Apparently the US government has failed to stop the Nordstream 2 natural gas pipeline from Russia to Europe. From Tom Luongo at strategic-culture.org:
For all of 2019 December has been a magnet. A number of major geopolitical issues come to head this month and many of them have everything to do with energy. This is the month that Russian gas giant Gazprom was due to finish production on three major pipeline projects – Nordstream 2, Turkstream and Power of Siberia.
Power of Siberia is here. It’s finished. Russian President Vladimir Putin and Chinese Premier Xi Jinping christened the pipeline to begin the month. Next month Putin will travel to Turkey to join President Recep Tayyip Erdogan to open the first of four potential trains of the Turkstream pipeline.
It is only Nordstream 2 that continues to lag behind because of insane levels of pressure from the United States that is dead set against this pipeline coming online.
And the reason for that is the last of the major energy issues surrounding Gazprom needing resolution this month, the gas transit contract between it and Ukraine’s Naftogaz.
The two gas companies have been locked in legal disputes for years, some of which center on Crimea’s decision to break away from Ukraine and rejoin Russia in 2014. Most of them, however, involve disputes over costs incurred during the previous and expiring gas transit contract.
NATO no longer protects Europe from the Soviet Union, now defunct and replaced by Russia, which doesn’t currently pose a threat. Rather, it now provides diplomatic cover and operational support for US interventionism in places far removed from Europe. From Eric S. Margolis at lewrockwell.com:
Citizens of France. To arms! Man the ramparts. The American barbarians are coming. They shall not pass!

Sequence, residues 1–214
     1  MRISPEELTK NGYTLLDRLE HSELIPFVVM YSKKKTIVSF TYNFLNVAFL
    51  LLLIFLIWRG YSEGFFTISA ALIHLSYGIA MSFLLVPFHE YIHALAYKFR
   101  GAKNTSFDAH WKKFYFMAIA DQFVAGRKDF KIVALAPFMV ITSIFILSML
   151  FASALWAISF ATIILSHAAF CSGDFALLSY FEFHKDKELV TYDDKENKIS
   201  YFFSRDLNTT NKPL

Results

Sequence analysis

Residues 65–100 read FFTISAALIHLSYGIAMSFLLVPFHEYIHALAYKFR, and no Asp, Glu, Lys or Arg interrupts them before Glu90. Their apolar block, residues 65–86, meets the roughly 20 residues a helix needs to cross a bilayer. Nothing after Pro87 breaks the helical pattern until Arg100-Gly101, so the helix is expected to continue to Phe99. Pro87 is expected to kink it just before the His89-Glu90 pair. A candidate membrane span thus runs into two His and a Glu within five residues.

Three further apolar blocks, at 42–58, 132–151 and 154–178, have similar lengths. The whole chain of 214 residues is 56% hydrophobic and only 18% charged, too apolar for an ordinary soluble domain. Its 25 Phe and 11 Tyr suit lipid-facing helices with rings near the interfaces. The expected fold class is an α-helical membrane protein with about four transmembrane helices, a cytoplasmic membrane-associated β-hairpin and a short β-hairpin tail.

Le Trump’s threat to France’s splendid wines and Roquefort cheese are the gravest menace France has faced since the Germans invaded this fair land in 1914. Burgundy wines and France’s 300 fromages form the very soul of la Belle France.
Trump does not know or care that France saved America from British mis-rule. He wants revenge because France – which taxes nearly everything – seeks to tax US IT firms like Google and Amazon. Trump considers this a personal affront. Besides, he dislikes wine and lives on desiccated burgers made with petrochemical cheese, washed down by acidic Diet Cokes.
On top of this outrage comes the squabble over NATO. Trump used to scoff at the Alliance, saying it was ‘obsolete’ as well as under-armed and short of money. The president and his backers really dislike France and all it stands for, including wine and cheese.
NATO should have closed up shop when the Soviet Union dissolved. From Medea Benjamin at antiwar.com:
The three smartest words that Donald Trump uttered during his presidential campaign are “NATO is obsolete.” His adversary, Hillary Clinton, retortedthat NATO was “the strongest military alliance in the history of the world.” Now that Trump has been in power, the White House parrots the same worn line that NATO is “the most successful Alliance in history, guaranteeing the security, prosperity, and freedom of its members.” But Trump was right the first time around: Rather than being a strong alliance with a clear purpose, this 70-year-old organization that is meeting in London on December 4 is a stale military holdover from the Cold War days that should have gracefully retired many years ago.
NATO was originally founded by the United States and 11 other Western nations as an attempt to curb the rise of communism in 1949. Six years later, Communist nations founded the Warsaw Pact and through these two multilateral institutions, the entire globe became a Cold War battleground. When the USSR collapsed in 1991, the Warsaw Pact disbanded but NATO expanded, growing from its original 12 members to 29 member countries. North Macedonia, set to join next year, will bring the number to 30. NATO has also expanded well beyond the North Atlantic, adding a partnership with Colombia in 2017. Donald Trump recently suggested that Brazil could one day become a full member.
It is no longer in Europe’s interest to maintain an adversarial stance against Russia. From Tom Luongo at tomluongo.me:
Last week I went through just some of the highlights as to why Russia is becoming a destination for global capital.
For years it’s been a little lonely out here banging on about how well the Russian state headed by Vladimir Putin has navigated an immense campaign by the West to marginalize and/or isolate Russia from the world economy.
But that is changing rapidly. And 2020 will likely be the year the New Cold War begins to end. And it starts with Europe. In recent weeks there have been a number of moves made on both sides to end the economic isolation of Russia by Europe.